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From the beginning of the 1960s, as the movement towards independence gathered momentum in Guyana, some politicians and sections of the media in Venezuela demanded that their Government should officially resurrect its claim to the western Essequibo. This move to reopen the claim by Venezuela to the area west of the Essequibo River had actually recommenced in 1949 following the publication of a memorandum written by Severo Mallet-Prevost, a lawyer in the team that conducted the Venezuelan case before the arbitral tribunal in 1899. The memorandum written in 1944 claimed that the award which settled the boundary between Venezuela and Guyana in 1899 was a result of a "political deal" between Great Britain and Russia. A Russian judge was the chairman of the five-member arbitral tribunal.

In February 1962, when the United Nations Fourth Committee was discussing the issue of independence for British Guiana, Venezuela, basing its case on the Mallet Prevost memorandum, officially made its contention through a memorandum presented to the Secretary General of the United Nations. The memorandum alleged that the Arbitral Award of 1899 was invalid, and put forward the claim that the region west of the Essequibo River was Venezuelan territory. While Venezuela did not object to the forthcoming independence of Guyana, it objected to the western Essequibo being included as Guyanese territory.

In reply to the Venezuelan contention, Sir Patrick Dean, a special British representative to the UN, on 19 September 1962, took the position that the border dispute had been settled by the 1899 Award, and that the question could not be reopened on the posthumous word of an aged lawyer who had nursed grievances against the Tribunal for the whole of his life. In his lengthy address to the Special Political Committee of the UN, Dean repudiated all Venezuelan claims to Guyanese territory.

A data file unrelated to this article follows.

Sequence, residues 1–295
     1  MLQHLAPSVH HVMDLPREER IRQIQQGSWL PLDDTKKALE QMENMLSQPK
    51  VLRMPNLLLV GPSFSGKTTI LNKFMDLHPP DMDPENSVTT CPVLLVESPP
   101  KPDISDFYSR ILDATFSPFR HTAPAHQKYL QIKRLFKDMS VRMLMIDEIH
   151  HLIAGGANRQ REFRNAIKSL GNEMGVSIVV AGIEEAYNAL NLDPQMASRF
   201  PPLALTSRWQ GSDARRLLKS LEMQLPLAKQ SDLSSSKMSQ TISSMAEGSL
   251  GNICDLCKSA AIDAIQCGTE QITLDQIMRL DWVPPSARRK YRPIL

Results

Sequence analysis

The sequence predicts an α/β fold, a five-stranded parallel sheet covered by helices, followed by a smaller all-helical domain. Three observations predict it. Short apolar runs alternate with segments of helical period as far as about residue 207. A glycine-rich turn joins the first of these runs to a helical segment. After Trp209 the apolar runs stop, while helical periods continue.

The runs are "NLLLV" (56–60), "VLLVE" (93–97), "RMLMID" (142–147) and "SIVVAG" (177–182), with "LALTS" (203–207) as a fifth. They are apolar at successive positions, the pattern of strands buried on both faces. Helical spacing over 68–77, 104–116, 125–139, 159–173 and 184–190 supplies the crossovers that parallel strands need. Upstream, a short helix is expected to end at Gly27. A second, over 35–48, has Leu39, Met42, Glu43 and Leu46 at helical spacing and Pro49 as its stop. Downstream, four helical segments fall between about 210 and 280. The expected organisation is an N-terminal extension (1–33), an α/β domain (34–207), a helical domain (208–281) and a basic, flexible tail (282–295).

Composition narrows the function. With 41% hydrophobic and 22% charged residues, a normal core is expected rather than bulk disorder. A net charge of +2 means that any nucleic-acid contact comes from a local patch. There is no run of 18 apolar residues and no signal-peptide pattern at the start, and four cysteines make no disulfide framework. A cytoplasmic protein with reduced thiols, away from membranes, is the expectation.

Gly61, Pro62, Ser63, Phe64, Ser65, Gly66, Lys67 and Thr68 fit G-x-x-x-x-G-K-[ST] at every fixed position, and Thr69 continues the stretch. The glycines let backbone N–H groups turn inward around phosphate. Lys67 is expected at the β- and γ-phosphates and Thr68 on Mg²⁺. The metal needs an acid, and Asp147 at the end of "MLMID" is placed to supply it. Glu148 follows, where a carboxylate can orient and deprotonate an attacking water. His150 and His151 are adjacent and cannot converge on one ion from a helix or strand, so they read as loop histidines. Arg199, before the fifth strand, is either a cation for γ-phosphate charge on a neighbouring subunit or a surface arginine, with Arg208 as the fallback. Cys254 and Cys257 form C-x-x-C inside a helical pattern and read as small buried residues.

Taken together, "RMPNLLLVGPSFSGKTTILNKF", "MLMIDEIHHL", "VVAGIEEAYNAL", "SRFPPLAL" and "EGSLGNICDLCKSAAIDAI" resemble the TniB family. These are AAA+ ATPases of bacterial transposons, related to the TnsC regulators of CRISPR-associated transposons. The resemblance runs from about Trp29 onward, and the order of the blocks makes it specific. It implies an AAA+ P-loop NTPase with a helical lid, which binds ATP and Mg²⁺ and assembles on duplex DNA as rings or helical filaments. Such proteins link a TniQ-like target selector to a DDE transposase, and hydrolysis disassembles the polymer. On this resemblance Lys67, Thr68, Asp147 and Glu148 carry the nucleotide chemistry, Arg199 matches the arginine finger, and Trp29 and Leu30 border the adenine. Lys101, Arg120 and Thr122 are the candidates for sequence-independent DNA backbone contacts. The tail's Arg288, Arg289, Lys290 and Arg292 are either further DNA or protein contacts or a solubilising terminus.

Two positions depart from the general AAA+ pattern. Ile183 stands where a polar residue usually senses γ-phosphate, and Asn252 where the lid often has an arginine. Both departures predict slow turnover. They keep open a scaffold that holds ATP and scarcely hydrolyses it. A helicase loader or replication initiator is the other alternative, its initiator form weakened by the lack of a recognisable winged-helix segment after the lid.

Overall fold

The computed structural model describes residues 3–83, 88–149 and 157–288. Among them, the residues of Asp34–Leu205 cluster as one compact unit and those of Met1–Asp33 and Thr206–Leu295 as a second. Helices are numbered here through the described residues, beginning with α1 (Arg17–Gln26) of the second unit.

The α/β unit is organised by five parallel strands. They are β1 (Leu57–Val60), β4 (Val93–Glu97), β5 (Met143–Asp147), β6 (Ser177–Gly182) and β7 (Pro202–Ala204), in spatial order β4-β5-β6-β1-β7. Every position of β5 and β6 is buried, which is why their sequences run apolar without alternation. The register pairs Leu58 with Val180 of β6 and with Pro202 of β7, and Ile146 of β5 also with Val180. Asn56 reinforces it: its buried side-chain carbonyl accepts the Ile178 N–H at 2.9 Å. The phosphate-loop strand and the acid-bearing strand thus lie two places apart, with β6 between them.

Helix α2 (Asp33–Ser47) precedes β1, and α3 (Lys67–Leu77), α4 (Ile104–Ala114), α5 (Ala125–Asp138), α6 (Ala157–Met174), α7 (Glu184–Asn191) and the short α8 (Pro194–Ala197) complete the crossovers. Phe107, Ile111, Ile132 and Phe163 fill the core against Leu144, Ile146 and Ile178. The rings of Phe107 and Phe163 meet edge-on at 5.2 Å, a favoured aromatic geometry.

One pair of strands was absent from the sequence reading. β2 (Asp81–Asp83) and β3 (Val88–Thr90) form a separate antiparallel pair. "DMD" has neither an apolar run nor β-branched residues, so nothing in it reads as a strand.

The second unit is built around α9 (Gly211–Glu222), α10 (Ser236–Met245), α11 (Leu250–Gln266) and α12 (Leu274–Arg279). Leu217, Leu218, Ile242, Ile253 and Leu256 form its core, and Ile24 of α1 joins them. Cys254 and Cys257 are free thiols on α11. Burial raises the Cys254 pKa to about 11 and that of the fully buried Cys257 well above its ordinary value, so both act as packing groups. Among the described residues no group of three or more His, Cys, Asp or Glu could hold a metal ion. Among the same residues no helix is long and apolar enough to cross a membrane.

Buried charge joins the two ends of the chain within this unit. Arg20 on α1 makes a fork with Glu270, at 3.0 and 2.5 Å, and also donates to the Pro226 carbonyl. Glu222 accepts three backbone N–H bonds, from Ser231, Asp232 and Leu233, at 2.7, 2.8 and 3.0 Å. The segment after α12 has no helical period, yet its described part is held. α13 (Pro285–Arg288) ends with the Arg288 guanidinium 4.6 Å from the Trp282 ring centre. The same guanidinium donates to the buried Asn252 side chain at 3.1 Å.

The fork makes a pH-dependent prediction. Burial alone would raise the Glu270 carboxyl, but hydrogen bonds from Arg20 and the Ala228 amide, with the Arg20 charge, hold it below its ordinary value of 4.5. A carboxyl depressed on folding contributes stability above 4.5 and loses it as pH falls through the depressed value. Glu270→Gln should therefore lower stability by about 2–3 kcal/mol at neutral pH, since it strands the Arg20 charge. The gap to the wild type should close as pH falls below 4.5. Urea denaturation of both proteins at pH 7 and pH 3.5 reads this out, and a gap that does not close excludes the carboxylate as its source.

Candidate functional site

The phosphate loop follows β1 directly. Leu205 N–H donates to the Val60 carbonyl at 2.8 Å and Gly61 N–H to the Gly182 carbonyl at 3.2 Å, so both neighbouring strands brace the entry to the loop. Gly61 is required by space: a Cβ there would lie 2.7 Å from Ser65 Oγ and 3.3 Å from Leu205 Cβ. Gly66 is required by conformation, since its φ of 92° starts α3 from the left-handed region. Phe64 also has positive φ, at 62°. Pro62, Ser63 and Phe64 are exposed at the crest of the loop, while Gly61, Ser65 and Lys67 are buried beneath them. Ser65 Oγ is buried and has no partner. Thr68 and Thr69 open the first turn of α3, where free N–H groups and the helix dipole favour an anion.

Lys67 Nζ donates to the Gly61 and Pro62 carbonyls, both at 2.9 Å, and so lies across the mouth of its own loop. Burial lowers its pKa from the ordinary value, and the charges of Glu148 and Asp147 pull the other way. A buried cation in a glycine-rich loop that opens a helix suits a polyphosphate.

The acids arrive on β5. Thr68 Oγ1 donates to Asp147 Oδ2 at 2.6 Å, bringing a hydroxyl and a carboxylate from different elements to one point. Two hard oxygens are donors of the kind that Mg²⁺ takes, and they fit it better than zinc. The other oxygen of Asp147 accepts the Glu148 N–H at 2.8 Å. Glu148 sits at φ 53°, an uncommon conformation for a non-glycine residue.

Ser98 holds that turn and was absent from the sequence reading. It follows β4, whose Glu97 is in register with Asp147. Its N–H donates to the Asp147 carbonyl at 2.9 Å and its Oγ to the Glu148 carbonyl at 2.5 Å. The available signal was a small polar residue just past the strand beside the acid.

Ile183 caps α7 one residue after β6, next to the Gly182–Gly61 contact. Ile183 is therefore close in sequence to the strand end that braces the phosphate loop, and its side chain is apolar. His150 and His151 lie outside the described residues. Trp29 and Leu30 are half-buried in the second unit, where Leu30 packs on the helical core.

The border issue was further discussed at another meeting of the UN Special Committee on the 12 November 1962. At that meeting, Dr. Marcos Falcon Briceno, Minister of External Relations of Venezuela, said that his country was not asking the UN to pass judgement on the substance of his country's claim, and that he was merely putting on record the reasons why Venezuela could not recognise the 1899 Award as valid.

The British Deputy Permanent Representative at the UN, Colin Crowe, replied that the British Government did not accept that there was any frontier dispute to discuss. He added that British experts conducted a very thorough examination of the records and were completely satisfied that there was no justification whatsoever for reopening this frontier question.

Crowe announced that the British Government, with the concurrence of the Government of British Guiana, was prepared to discuss with the Venezuelan Government, through diplomatic channels, arrangements for a tripartite, Venezuela British Guiana United Kingdom examination of the voluminous documentary material relevant to this question. He added that this was not an offer to engage in substantive talks about the revision of the frontier but to dispel any doubts which the Venezuelan Government had about the validity or propriety of the Arbitral Award.